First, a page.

Wolfson offers

20th October 2011

The chief executive of Next and a Conservative party donor will run the competition through thinktank Policy Exchange which give details of how to enter the prize on its website .

The peer told the BBC: "I think there is a very real possibility that the euro may collapse, and if that happens then it needs to be managed, and if it's not managed then it's going to be catastrophic for European finances, and not just for European finances. The knock-on effects for the world banking system would also be very very serious."

And any winning applicant must answer four rather stark questions. They are as follows:

  1. How to ensure that any new currencies would be stable?
  2. What areas should the new currencies cover?
  3. What currency would government debt be paid back in?
  4. What happens to individuals' debts?

On Director of Finance Online veteran financial journalist Richard Northedge argues that the prize is unwinnable.

He says that were Greece at one end of the economic scale or Germany at the other to leave it could never be orderly.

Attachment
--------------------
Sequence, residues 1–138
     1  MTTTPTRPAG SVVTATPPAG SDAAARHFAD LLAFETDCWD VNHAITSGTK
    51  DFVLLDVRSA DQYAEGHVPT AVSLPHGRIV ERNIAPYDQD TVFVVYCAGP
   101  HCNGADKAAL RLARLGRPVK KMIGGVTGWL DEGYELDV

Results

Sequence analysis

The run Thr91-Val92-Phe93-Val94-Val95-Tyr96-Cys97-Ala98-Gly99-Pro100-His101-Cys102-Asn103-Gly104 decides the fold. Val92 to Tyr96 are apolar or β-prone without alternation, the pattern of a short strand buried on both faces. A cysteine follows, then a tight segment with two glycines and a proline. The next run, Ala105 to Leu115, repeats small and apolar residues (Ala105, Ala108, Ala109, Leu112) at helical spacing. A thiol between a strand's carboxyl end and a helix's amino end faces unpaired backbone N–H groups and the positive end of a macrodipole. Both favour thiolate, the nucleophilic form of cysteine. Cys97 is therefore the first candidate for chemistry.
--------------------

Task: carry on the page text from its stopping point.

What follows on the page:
His conclusion is that "the banking system could probably not withstand the shock of the defaults or the haircuts on devalued debt, never mind the complexity of the arguments over how to redesignate loans and liabilities.

"As opposed to the funds in the euro system, Lord Wolfson's money is safe. Even if there can be an exit from the euro, it cannot be orderly. Still, I saved you having to read 25,000 words before telling you this is a question without an answer."

On Telegraph, Daniel Knowles argues that the problem cannot be solved by economists but only by politicians. He writes: "£250,000 to fund economic research is a good thing in itself, but I fear Lord Wolfson may be disappointed with what he gets for it. This is not a failure of economists – it's a failure of politicians. It has been from the very beginning."

On the Telegraph comment boards, manonamission is poetically cynical.

"A poem springs to mind for Europes leaders to bear in mind for their solution to the financial crisis:

"Forward, the Light Brigade! Charge for the guns!" he said. Into the valley of Death rode the six hundred…"

The Guardian's economics blog thinks the prize may be of interest elsewhere in Europe but for rather different reasons.

"Policy Exchange's instincts may be Conservative and eurosceptic but the results should also be of interest to the thousands of protesters in Greece and the teenagers joining lengthening dole queues in Spain and Portugal, where there are many years of austerity ahead."


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